Fantasy baseball weekend watch: Premium pitchers in new places

Pitching is at the forefront of fantasy managers' minds this weekend, from those traded to new teams during the past week making their debuts in their new digs, to prominent names returning from the IL, to a scorching-hot duo drawing soft matchups:

And that overflowing list doesn't even include Thursday's new-team debuts of Michael Lorenzen with the Philadelphia Phillies at Miami's loanDepot Park and Jack Flaherty with the Baltimore Orioles at Toronto's Rogers Centre. As mentioned above, Scherzer, too, is debuting for his new team. Yes, it is quite a weekend of pitching headlines.

So which of these (or other) pitchers are our fantasy analysts, Tristan H. Cockcroft and Eric Karabell, most excited to be watching this weekend? Here are their thoughts on that, as well as other weekend storylines.

Cockcroft: For fantasy purposes, the most important of those pitching storylines for me are Fried, Civale, Cortes and Montgomery, probably in that order. The ones that rise to the top tend to be the injury returnees or the ones with some fantasy availability. Their value is up for debate, since those are the "actionable" pitchers.

Fried and Cortes had decent-to-good reports in their respective minor league rehabilitation assignments. I'd expect more from Fried, facing a Cubs offense much more susceptible to lefties than righties, especially as the Braves built up his pitch count better than the Yankees did for Cortes. Leave Cortes on your bench and evaluate him after he takes the mound against the Astros -- or better yet, keep him in your IL spot until you absolutely have to activate him.

Will Civale benefit from the "Rays magic" so many of us have hyped up in recent years (and are we too optimistic about the franchise overall)? His curveball has elite spin and he adds a "tough to square up" cutter, but the opposing Tigers actually hit both of those pitches quite well (relative to other pitch types). He's a definite start for me considering his strong year and the Tigers' weak-against-righties lineup. I consider this an important game to track from a future-scouting perspective. Will Civale change his pitch usage at all? Consider me "slightly leaning to yes" on both of these questions.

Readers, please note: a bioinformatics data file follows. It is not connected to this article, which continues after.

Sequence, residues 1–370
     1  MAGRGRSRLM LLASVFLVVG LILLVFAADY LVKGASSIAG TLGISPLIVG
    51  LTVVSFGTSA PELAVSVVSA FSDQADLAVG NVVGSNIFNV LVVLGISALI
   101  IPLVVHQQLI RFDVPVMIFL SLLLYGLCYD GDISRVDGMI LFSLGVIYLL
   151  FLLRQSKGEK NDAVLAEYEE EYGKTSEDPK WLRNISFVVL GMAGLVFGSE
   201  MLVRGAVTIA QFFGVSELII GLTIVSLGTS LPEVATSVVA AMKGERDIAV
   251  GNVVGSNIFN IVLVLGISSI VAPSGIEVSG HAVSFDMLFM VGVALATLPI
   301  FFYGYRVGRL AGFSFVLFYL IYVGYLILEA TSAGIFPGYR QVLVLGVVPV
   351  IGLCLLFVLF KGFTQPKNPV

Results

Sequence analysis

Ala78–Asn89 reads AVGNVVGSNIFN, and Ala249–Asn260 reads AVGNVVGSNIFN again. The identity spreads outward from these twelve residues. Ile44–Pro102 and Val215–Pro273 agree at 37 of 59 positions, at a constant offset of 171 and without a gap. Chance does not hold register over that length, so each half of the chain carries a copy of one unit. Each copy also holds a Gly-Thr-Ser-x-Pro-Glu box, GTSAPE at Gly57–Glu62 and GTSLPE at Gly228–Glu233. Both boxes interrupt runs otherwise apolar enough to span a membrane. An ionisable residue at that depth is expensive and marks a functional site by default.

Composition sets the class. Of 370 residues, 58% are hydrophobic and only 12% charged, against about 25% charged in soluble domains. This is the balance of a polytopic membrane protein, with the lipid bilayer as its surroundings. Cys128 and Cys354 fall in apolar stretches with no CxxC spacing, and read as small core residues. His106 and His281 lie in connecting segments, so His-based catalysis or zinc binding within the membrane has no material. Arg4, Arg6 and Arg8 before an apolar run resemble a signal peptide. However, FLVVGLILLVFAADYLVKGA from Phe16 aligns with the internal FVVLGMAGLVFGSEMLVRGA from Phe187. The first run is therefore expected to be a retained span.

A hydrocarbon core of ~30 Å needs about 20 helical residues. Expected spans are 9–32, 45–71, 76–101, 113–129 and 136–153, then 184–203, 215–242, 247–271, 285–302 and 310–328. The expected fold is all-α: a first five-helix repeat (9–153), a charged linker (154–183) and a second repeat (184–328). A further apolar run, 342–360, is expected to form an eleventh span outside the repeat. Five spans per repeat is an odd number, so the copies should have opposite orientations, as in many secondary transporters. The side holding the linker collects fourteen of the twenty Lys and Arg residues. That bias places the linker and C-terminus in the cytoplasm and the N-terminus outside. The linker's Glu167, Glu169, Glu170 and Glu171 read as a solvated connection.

Karabell: I expect the left-handers (Fried, Cortes, Montgomery) to perform well, but Civale is a bit of a wild card because his current ERA (2.34) and FIP (3.54) tell vastly different stories, and his strikeout rate is well below average. Civale has feasted on AL Central hitters (or the division's lack thereof) this season, permitting just one earned run in 26 innings, but hey, he gets the Tigers and then his old mates in Cleveland, so fantasy managers should rely on him until things change.

A pitcher changing clubs that you did not mention is new Dodgers RHP Lance Lynn, scheduled to face the Padres and Seth Lugo on Sunday Night Baseball. Lynn's Dodger debut was promising, with only three runs over seven innings and seven whiffs, and I do think I would prefer Lynn to Civale for the final two months. Yeah, it seems ridiculous, since Lynn drags a 6.32 ERA and a 1.43 WHIP into the weekend, but look ahead, not back. Lynn ranks top 10 in baseball in strikeouts. He goes deep into games. Add Lynn.

Speaking of the Padres and the hitting side of things, I am mildly interested in their new DH platoon of recent acquisitions Ji Man Choi and Garrett Cooper. OK, so the Matt Carpenter/Nelson Cruz pairing flopped. Welcome to Choi and Cooper. I don't know what to expect from Dodgers rookie RHPs Bobby Miller and Emmet Sheehan.